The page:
When I sit down like Lynsey Addario and try and write about my passions in an eloquent and life changing fashion, I am really driven to be a life changer. I want to be someone who gets a big enough political stage to actually change policy and improve people’s quality of life in this country. Theater and Sports often demonstrate stories of common, yet gifted Americans. They bring to us stories that can teach us why we need to be the change in the world. If it were up to me, I would be the first Tony-Award Winning member of the Baseball Hall of Fame to be elected President of the United States.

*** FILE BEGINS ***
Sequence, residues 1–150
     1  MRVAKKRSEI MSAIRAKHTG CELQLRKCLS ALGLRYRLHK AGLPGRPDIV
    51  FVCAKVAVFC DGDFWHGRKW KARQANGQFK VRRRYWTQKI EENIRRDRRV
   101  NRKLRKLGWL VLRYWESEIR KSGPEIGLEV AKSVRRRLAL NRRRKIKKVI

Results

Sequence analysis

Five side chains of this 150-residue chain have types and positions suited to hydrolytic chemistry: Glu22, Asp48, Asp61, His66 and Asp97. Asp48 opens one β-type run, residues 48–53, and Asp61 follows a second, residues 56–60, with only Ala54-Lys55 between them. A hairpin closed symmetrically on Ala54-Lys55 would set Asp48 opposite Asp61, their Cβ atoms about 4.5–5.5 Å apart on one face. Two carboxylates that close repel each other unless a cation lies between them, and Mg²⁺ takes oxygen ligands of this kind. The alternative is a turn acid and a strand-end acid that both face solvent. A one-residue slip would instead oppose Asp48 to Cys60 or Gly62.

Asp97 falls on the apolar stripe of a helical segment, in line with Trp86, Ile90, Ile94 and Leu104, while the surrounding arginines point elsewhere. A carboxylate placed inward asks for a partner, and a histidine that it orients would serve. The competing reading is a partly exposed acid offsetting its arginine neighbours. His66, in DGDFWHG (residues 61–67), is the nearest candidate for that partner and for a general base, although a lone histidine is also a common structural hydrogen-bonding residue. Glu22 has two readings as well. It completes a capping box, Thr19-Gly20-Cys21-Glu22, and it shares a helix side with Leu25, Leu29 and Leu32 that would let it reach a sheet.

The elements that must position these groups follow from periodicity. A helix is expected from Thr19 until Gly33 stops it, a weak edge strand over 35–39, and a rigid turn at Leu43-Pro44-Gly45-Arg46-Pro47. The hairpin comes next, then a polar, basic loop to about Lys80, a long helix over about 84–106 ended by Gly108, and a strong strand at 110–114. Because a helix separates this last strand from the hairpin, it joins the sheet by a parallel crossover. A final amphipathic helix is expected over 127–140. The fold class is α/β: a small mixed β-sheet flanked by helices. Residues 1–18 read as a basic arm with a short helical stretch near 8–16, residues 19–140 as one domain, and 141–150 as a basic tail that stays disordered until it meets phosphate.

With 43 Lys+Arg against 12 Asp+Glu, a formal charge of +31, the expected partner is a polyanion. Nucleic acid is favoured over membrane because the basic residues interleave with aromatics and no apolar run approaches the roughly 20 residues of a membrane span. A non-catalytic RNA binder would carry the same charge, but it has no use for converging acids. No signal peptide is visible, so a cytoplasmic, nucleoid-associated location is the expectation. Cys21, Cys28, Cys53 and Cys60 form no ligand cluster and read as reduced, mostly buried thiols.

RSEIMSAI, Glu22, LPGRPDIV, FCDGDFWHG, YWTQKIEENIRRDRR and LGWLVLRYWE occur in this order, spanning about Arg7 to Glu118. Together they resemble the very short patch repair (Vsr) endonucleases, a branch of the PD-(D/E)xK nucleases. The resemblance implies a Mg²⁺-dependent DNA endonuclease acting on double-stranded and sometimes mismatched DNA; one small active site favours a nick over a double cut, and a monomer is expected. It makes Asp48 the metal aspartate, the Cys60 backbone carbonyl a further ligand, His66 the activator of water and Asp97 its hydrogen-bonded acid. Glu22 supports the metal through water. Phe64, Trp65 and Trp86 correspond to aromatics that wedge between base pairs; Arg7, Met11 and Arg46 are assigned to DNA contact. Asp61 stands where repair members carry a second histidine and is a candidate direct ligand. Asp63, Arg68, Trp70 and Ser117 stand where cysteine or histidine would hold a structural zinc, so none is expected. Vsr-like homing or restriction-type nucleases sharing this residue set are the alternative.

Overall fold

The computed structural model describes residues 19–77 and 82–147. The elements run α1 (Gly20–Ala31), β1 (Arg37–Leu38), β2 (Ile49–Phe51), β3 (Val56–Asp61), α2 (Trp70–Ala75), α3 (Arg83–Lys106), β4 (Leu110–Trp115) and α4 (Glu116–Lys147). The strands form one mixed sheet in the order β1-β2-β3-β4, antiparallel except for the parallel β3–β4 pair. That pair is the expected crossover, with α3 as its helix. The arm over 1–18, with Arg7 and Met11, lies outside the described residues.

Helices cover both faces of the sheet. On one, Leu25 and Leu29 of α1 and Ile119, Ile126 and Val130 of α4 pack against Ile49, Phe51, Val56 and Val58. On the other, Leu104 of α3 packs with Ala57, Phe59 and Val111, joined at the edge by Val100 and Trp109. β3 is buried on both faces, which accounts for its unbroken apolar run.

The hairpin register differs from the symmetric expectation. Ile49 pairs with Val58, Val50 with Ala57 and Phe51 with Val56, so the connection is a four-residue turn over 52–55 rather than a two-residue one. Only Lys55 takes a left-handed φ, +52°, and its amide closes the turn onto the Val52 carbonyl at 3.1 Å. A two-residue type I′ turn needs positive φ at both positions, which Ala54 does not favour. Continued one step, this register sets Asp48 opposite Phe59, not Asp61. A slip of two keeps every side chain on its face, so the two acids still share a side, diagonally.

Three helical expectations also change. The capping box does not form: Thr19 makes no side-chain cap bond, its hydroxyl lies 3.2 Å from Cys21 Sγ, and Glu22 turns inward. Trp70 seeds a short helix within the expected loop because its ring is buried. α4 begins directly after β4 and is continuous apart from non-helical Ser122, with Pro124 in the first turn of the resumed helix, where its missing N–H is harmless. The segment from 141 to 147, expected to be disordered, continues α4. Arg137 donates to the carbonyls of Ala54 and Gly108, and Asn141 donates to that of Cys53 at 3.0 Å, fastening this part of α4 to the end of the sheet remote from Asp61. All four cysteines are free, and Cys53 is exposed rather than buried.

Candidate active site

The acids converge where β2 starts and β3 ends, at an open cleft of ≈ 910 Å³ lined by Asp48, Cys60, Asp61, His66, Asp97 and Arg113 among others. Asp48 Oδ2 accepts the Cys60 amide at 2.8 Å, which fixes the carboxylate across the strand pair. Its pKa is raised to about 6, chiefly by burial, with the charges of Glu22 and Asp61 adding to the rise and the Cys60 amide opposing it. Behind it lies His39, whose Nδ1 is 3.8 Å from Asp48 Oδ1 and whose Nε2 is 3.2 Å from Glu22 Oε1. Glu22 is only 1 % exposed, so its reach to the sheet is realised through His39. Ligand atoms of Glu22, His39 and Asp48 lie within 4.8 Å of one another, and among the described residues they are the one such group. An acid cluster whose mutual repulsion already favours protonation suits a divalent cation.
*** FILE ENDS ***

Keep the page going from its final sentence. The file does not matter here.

Unfortunately, I am confined by my singing and dancing ability and my inability to throw a ball 100 MPH or hit a ball 450 feet. Yet, I have a voice and I have words and a drive to climb and I will use them to the best of my ability to bring meaningful and long-lasting change to those issues that inform my passions. This passion and drive will be examined over the course of my Passion blog.  I will write about these three things and how the lines between them blur and ultimately how they affect me as a human being.